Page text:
2. Stimulus - response learning is evident in the acquisition of the sound system of a foreign language in which, through a process of conditioning and trial and error, the learner makes closer and closer approximations to native like pronunciation. Simple lexical items are, in one sense, acquired by stimulus - response connections; in another sense they are related to higher-order types of learning.
3. Chaining is evident in the acquisition of phonological sequences and syntactic patterns - the stringing together of several responses - although we should not be misled into believing that verbal chains are necessarily linear. Generative linguists, like McNeill, have wisely shown that sentence structure is hierarchical.
4. The fourth type of learning involves Gagne's distinction between verbal and nonverbal chains, and is not really therefore a separate type of language learning.
5. Multiple discriminations are necessary particularly in second language learning where, for example, a word has to take on several meanings, or a rule in the native language is reshaped to fit a second language context.
6. Contempt learning includes the notion that language and cognition are inextricably interrelated, also that rules themselves - rules of syntax, rules of conversation - are linguistic concepts that have to be acquired.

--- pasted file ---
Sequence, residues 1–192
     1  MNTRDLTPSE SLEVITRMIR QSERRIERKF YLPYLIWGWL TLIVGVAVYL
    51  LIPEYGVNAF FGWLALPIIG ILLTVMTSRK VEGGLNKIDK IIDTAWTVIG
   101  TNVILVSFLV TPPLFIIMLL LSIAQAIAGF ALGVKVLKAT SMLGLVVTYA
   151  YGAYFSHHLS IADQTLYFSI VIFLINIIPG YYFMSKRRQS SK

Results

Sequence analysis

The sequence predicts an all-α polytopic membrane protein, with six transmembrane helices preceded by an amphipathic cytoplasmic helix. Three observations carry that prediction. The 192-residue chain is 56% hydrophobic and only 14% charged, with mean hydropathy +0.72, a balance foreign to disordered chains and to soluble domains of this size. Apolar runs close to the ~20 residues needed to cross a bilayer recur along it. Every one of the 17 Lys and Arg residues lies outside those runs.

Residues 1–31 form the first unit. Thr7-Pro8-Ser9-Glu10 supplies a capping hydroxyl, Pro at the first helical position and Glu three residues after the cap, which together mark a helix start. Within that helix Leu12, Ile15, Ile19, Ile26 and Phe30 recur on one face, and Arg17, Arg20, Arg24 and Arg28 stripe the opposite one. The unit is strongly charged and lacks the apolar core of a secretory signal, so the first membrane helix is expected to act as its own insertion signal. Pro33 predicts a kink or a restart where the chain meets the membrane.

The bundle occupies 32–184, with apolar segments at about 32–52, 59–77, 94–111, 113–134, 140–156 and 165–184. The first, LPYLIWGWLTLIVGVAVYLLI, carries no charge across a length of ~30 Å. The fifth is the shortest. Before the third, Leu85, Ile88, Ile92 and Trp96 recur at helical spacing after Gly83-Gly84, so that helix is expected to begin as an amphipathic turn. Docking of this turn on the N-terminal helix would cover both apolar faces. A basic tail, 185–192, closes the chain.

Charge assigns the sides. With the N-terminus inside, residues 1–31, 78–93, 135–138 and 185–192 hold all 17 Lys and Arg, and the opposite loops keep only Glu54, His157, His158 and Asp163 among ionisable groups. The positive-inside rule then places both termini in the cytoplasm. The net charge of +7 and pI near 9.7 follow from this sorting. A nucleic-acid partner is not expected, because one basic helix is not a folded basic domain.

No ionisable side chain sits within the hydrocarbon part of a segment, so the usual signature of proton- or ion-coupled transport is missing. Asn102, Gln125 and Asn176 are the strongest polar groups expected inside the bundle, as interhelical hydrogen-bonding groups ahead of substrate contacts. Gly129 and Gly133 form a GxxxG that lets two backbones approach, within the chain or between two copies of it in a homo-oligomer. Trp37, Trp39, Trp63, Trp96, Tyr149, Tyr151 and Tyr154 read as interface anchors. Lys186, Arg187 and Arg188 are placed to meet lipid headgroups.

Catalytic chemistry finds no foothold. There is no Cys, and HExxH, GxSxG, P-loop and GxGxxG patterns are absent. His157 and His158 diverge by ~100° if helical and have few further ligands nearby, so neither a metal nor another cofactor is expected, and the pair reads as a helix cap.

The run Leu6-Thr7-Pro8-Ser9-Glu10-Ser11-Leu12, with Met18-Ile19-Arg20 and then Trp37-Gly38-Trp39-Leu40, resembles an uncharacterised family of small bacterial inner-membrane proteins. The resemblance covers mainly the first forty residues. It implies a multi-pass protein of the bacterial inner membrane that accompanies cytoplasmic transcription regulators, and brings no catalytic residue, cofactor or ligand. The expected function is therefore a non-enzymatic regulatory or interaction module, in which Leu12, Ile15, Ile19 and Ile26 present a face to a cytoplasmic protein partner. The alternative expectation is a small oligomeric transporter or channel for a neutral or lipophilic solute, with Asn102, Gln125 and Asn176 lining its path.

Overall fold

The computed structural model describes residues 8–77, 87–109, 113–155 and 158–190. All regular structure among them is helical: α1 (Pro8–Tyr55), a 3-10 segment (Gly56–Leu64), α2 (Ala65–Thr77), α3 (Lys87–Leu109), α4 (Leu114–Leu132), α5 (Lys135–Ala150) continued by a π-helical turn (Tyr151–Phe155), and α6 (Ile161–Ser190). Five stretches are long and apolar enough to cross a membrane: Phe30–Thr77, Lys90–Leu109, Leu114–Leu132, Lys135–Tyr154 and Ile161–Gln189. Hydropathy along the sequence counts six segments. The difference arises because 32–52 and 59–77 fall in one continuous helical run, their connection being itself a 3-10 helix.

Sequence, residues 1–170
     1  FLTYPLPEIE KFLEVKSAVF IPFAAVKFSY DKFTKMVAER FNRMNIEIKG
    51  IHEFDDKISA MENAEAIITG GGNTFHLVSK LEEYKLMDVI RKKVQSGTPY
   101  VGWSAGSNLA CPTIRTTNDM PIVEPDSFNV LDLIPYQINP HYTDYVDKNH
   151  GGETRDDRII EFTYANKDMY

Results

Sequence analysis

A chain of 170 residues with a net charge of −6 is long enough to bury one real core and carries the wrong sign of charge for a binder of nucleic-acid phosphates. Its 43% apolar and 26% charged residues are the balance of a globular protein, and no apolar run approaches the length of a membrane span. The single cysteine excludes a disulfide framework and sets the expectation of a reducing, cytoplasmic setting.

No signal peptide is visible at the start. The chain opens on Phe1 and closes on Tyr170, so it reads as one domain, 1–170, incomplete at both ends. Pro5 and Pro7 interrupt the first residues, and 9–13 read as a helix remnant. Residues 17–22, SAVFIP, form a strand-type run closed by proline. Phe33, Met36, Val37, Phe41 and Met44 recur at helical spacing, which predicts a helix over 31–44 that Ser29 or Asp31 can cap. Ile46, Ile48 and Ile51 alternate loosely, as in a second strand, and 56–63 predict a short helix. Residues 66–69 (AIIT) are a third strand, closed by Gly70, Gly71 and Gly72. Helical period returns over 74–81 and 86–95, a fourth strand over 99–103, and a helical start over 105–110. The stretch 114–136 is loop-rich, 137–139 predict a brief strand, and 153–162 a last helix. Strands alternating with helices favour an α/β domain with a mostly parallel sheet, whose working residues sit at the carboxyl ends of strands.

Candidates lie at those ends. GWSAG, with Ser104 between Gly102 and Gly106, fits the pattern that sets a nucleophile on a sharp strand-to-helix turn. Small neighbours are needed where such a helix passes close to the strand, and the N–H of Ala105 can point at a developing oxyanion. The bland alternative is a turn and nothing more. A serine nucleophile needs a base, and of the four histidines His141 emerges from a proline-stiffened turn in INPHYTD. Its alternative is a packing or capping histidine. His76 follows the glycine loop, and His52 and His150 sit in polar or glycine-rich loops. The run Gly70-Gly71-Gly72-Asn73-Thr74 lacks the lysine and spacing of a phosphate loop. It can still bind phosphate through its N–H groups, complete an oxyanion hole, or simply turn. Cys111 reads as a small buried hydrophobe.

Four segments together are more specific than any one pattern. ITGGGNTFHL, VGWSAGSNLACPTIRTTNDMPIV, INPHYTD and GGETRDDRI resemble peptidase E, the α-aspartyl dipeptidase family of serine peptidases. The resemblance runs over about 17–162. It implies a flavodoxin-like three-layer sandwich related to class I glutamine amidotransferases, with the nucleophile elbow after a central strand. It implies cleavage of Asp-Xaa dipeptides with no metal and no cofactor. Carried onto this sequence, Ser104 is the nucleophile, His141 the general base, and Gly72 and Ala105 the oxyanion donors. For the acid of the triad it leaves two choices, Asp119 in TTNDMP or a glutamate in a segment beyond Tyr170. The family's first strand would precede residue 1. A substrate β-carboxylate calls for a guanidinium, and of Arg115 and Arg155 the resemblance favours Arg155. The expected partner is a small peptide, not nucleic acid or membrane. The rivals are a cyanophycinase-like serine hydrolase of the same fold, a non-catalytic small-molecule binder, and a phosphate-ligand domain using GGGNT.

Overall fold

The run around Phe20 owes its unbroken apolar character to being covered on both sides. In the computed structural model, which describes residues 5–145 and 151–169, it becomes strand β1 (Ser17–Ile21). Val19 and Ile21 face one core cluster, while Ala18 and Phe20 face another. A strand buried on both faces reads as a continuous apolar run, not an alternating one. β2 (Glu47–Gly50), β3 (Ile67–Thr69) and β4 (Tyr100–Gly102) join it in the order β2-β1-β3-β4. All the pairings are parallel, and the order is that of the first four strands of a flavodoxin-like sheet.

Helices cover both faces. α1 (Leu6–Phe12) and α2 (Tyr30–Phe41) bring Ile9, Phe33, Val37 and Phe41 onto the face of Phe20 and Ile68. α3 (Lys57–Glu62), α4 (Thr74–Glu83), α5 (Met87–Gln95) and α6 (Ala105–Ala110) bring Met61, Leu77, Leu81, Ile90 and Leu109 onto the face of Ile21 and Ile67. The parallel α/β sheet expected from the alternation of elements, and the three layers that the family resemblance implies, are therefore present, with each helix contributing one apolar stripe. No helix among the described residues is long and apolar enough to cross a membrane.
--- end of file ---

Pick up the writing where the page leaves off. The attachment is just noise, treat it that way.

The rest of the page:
7.Principle learning is the extension of concept learning to the formation of a linguistic system, in which rules are not isolated in rote memory, but conjoined and subsumed in a total system.
8. Finally, problem solving is clearly evident in second language learning as the learner is continually faced with sets of events that are truly problems to be solved - problems every bit as difficult as algebra problems or other "intellectual" problems. Solutions to the problems involve the creative interaction of all eight types of learning as the learner sifts and weighs previous information and knowledge in order to correctly determine the meaning of a word, the interpretation of an utterance, the rule that governs a common class of linguistic items, or a conversationally appropriate response. It is not difficult, upon some reflection, to discern the importance of varied types of learning in the second language acquisition process (see Larsen-Freeman 1991). Teachers and researchers have all to often dismissed certain theories of learning as irrelevant or useless because of the misperception that language learning consists of only one type of learning. "Language is concept learning", say some; "Language is a conditioning process", say other. Both are correct in that part of language learning consists of each of the above. But both are incorrect to assume that all of language learning can be so simply classified. Methods of teaching, in recognizing different levels of learning, need to be consonant with whichever aspect of language is being taught at a particular time while also recognizing the interrelatedness of all levels of language learning.